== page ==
Gizmo is more droll than likable, but Wedgie is attractively steadfast and amiable, in the end rescuing both Gizmo and the...

WEDGIE & GIZMO

From the Wedgie & Gizmo series , Vol. 1

When families get blended, so do their animals. Gizmo, a genius guinea pig who can read and wears eyeglasses, and Wedgie, a much less intelligent corgi who wears a superhero cape, each alternately relate their interwoven stories in distinct first-pet voices.

Unfortunately for the guinea pig, his owner, Elliot, is forced to let his new, annoying little sister, Jasmine, help take care of Gizmo. Jasmine enjoys dressing him up in tutus and housing him in Barbie’s lavish (pink) former abode. But Gizmo is an intrepid sort of critter with evil plans to rule the world, and he does find Barbie’s rucksack useful for carrying gear as he engages in some nighttime adventures, not all of them successful. Through comments Elliot makes, readers learn of his unhappiness with his new family situation, although this second storyline takes a back seat to Gizmo’s scheming. Acting as his and Elliot’s foil, Wedgie, who calls Gizmo “the Furry Potato,” is convincingly doglike in his eager embrace of just about everything. Fisinger’s numerous illustrations are action-packed and appropriately humorous, especially in their depiction of Wedgie’s never-ending enthusiasm. An opening gallery introduces Jasmine’s family as Latino and Elliot and his father as black. While the tale is never laugh-out-loud funny, it’s amusing and imaginative enough to sustain interest for readers new to chapter books.

Gizmo is more droll than likable, but Wedgie is attractively steadfast and amiable, in the end rescuing both Gizmo and the story. (Fantasy. 7-10)

Pub Date: Aug. 22, 2017

ISBN: 978-0-06-244763-0

Page Count: 176

Publisher: Katherine Tegen/HarperCollins

Review Posted Online: May 10, 2017

Kirkus Reviews Issue: June 1, 2017

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MR. POPPER'S PENGUINS

This is rather a silly story, and I don't believe children will think it particularly funny. A paper hanger and painter finds time on his hands in winter, and spends it in reading of arctic exploration. It is all given reality when he receives a present of a penguin, which makes its nest in the refrigerator on cubes of ice, mates with a lonely penguin from the zoo, and produces a family of penguins which help set the Poppers on their feet.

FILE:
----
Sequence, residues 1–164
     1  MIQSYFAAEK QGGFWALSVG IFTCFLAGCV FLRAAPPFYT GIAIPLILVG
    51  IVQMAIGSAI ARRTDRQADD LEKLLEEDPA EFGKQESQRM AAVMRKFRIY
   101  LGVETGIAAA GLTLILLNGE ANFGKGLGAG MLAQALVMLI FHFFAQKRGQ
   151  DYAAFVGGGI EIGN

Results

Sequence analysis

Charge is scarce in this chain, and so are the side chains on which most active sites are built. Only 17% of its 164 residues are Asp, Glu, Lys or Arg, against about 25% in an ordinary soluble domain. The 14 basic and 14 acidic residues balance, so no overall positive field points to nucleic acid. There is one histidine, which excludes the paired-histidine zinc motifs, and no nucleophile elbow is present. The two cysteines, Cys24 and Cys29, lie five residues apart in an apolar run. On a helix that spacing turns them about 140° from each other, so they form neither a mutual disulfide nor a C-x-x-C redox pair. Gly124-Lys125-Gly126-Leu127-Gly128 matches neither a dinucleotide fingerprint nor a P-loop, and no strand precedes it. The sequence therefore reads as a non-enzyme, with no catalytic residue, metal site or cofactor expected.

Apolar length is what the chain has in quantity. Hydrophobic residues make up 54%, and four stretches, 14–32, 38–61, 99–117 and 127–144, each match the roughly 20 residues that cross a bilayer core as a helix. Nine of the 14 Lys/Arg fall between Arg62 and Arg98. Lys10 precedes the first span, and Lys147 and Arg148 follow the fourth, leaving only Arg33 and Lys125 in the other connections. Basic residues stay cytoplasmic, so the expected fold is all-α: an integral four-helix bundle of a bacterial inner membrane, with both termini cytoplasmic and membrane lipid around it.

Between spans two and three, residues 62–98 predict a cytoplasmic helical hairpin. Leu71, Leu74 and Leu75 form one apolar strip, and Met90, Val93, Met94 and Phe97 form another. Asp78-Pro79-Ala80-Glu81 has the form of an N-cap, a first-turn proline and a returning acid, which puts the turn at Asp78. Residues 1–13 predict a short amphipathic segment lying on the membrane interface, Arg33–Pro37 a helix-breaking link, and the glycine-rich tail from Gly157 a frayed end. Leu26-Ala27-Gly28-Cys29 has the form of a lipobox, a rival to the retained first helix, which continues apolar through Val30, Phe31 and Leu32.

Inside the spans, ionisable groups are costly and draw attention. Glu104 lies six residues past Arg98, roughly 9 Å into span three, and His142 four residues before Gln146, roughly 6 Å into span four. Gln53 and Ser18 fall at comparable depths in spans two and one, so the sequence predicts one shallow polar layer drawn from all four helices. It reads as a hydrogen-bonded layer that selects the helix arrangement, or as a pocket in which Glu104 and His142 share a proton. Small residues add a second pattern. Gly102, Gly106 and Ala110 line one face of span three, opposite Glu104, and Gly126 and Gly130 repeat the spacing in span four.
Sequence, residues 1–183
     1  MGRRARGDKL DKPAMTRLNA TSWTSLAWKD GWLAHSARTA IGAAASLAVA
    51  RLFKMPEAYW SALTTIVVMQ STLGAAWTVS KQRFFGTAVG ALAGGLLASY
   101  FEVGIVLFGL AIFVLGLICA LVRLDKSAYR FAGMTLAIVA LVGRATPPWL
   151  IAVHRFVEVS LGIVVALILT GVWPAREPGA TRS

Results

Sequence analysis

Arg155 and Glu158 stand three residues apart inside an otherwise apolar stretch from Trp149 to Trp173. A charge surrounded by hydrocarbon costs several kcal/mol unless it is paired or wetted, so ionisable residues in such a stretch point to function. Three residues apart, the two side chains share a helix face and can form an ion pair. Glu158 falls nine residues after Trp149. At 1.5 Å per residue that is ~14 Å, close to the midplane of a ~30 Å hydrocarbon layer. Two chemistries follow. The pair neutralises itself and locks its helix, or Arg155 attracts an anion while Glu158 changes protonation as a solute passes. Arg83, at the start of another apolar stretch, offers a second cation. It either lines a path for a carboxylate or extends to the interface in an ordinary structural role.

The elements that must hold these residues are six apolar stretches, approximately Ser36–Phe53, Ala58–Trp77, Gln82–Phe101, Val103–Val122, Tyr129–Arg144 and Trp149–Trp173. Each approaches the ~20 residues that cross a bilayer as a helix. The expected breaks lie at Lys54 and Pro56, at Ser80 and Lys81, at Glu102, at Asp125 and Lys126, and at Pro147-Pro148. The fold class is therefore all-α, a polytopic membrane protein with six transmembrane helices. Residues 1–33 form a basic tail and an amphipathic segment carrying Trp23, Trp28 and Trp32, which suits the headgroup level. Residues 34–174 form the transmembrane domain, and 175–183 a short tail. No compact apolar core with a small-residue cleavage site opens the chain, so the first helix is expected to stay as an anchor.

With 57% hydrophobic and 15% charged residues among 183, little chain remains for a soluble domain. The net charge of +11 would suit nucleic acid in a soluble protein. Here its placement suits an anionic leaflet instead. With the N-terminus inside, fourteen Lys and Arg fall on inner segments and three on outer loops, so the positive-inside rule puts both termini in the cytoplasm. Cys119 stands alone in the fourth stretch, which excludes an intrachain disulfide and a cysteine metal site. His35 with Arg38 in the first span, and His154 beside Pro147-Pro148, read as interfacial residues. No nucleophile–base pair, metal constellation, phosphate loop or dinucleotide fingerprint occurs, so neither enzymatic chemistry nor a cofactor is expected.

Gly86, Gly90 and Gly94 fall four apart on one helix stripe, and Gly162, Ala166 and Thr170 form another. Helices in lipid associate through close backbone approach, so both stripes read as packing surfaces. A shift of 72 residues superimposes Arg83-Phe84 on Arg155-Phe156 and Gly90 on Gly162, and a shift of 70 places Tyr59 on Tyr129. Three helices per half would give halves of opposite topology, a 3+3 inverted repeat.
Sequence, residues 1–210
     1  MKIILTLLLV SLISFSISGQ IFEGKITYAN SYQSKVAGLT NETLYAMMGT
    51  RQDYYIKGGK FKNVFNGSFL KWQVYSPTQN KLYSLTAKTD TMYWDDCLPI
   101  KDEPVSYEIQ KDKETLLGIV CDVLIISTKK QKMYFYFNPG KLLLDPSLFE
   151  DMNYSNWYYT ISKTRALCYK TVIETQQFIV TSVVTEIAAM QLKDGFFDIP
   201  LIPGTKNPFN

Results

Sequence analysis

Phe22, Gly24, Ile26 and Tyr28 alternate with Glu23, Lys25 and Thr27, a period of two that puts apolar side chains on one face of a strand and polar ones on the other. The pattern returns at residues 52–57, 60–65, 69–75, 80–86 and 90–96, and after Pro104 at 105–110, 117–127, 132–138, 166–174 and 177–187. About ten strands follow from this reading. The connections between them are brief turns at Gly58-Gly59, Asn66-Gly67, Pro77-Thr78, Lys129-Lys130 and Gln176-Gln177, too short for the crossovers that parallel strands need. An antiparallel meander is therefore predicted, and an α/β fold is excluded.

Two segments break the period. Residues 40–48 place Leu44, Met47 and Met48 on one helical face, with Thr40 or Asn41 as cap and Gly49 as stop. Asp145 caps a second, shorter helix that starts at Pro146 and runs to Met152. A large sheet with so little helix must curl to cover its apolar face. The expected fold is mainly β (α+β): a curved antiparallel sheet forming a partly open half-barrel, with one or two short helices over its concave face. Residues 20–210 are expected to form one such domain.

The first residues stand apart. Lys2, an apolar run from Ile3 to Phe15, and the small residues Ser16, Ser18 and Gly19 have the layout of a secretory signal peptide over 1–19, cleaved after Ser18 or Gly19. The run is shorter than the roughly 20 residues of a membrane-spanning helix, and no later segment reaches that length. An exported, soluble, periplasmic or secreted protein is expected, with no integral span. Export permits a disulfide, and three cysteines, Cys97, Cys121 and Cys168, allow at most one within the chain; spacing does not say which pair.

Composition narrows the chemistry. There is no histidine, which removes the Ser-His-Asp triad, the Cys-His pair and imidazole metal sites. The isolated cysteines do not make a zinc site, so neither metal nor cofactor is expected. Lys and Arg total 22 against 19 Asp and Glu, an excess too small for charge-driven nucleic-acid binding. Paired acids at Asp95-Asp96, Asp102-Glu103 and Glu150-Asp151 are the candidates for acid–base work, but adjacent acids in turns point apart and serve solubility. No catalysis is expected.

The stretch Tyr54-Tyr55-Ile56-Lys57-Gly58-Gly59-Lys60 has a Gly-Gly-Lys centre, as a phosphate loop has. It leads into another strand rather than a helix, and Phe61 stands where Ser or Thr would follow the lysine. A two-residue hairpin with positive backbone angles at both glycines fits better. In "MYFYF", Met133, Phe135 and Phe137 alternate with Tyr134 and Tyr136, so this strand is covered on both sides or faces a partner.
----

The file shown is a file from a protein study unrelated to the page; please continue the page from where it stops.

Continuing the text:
Pub Date: Sept. 26, 1938

ISBN: 978-0-316-05843-8

Page Count: 139

Publisher: Little, Brown

Review Posted Online: Jan. 15, 2014

Kirkus Reviews Issue: Sept. 1, 1938

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Good-hearted fun—great for fans of Kit Feeny and Babymouse.

MEET THE BIGFEET

From the Yeti Files series , Vol. 1

It’s a Bigfeet family reunion!

Everyone’s favorite frosty, furry cryptid, the yeti, actually has a name: Blizz Richards. From his supersecret HQ in Nepal he keeps in touch with his fellow cryptids, all of whom have sworn an oath to keep themselves hidden. That’s not always easy, especially when there are cryptozoologists, like the nasty (but bumbling) George Vanquist, who are always trying to expose the secretive creatures. Vanquist got a picture of Blizz’s cousin Brian near his home in British Columbia, causing the mortified Brian to disappear entirely. When Blizz receives an invitation to a Bigfeet family reunion in Canada, he calls his buddies Alexander (one of Santa’s elves), Gunthar (a goblin) and Frank the Arctic fox to help him get ready. When they arrive in Canada, Brian is still nowhere to be seen. Can Blizz and his skunk ape and other sasquatch cousins find Brian, have the reunion and evade Vanquist? If anyone can, the Bigfeet clan can. Illustrator Sherry’s first volume in the Yeti Files is a fast and funny graphic-prose tale full of labeled pictures and comic-style panels. Those just starting chapter books may have some trouble with a few big words, but they’ll enjoy the big friendly monsters and immediately ask for the next tale—which looks to be about the Loch Ness monster.

Good-hearted fun—great for fans of Kit Feeny and Babymouse. (Graphic/fantasy hybrid. 7-10)

Pub Date: Sept. 30, 2014

ISBN: 978-0-545-55617-0

Page Count: 128

Publisher: Scholastic

Review Posted Online: May 28, 2014

Kirkus Reviews Issue: June 15, 2014

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